We have been in Colorado, camped up in the mountains and enraptured by a few days of peace and nature. This morning we break camp and pull out onto the sleepy dirt road that leads to the highway.
We don’t expect much, just where we’ve been. After a couple of days off the road and having been redirected mentally, I’m feeling a bit foggy. There is an orientation about driving cross country, a certain heightened excitement in a nervous system replacing complacent downtime. A fluffy soufflé effect in the morning’s eggs from elevation has been a major and fascinating event. It has been extremely relaxed.
“Whaoh!” Speeding cars, people everywhere! “Where am I going?”
The scenic route through southern Colorado to the Mesa Verde Monument has been knocked out with a landslide. We’ve both had enough of Colorado traffic and crowds. DF has been mentioning hot springs for a few days. We call the Orient Land Trust, but they are full. I suggest just heading home on the Interstate south and trying out Haywood Hot Springs. It has been an itch on the bucket list for quite a while now.
There is a long drive ahead. It is a long way just to get to Santa Fe to get off of the two lane roads. We’ll see how far we get.
With goals in mind, it feels like a constant ,”Are we getting near it yet”? There is a familiar spot here and there, but chomping at the bit to get to the barn seems to spread the time out, slowing it.
I want to at least get through Albuquerque and find a cheap little motel in one of the more remote little towns along the Rio Grande Valley. We need to arrive before the towns roll up their streets for the night, which can be very very early.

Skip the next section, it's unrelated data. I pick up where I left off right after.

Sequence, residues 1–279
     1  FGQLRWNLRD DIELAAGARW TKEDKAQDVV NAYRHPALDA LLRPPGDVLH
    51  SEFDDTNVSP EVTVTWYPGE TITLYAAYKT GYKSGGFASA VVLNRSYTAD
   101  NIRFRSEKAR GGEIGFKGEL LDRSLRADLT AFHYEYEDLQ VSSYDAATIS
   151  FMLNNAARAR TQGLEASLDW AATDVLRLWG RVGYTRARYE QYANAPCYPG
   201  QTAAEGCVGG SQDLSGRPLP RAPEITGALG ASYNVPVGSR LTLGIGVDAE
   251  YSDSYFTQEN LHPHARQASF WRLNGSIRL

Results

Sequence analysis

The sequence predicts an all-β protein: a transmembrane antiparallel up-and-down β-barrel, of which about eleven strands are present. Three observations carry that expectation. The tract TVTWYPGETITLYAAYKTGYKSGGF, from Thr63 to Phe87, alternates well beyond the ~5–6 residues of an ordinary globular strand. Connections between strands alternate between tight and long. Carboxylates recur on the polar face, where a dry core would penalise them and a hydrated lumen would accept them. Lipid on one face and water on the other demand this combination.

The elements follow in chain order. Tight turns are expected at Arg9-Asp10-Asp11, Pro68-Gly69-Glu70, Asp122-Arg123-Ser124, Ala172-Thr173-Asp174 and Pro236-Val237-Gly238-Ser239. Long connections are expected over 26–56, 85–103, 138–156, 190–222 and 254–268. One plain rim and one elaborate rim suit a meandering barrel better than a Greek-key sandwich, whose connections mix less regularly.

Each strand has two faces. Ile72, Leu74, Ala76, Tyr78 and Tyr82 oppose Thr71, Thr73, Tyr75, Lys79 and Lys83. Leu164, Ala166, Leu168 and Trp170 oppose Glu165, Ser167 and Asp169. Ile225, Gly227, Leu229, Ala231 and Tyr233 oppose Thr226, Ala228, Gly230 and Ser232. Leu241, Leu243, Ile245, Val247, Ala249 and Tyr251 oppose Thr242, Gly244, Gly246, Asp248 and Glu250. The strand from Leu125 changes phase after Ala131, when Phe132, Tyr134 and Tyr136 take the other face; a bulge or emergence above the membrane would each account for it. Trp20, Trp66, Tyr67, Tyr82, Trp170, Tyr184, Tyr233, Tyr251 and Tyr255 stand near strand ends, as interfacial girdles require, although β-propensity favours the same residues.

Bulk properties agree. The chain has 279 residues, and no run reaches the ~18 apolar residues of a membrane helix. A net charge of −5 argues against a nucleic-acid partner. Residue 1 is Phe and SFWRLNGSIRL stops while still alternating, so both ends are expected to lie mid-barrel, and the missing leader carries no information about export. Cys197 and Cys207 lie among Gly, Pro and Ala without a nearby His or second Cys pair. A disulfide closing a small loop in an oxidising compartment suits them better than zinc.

Selfie at New Mexico HotelWe find a dilapidated Motel 6 in the nick of time. It certainly feels like we have had enough for one day.
Not THAT Dilapidated!Tomorrow, by afternoon, we’ll be soaking in mineral baths.
Back on the wide Interstate highway, running along the verdant Rio Grande Valley, you can see for miles ahead and behind. It dips in and out between substantial and desolate hills. There is a tendency to speed and then slow down at the peaks in the road, then scout for police patrols, before knowing that we can once again speed up downhill through another valley.
I tell DF about the time driving home in my new 1985 GMC truck. We had been out for weeks and were ready to get home to Tucson. I buried the speedometer going through the ring of numbers into the low speeds again. Zipping along way over the speed limit, the gage said that I was going only twelve miles per hour. None of that today.
We’re feeling free out on the highway. There is plenty of space between everything, so we easily remain undisturbed and naked. New Mexico is legally a topfree state. I suppose that its people and its government are just very relaxed. There seems to be a lack of concern for the details of other people’s lives and behaviors. We might as well be sitting in a backyard naked, instead of in a packed …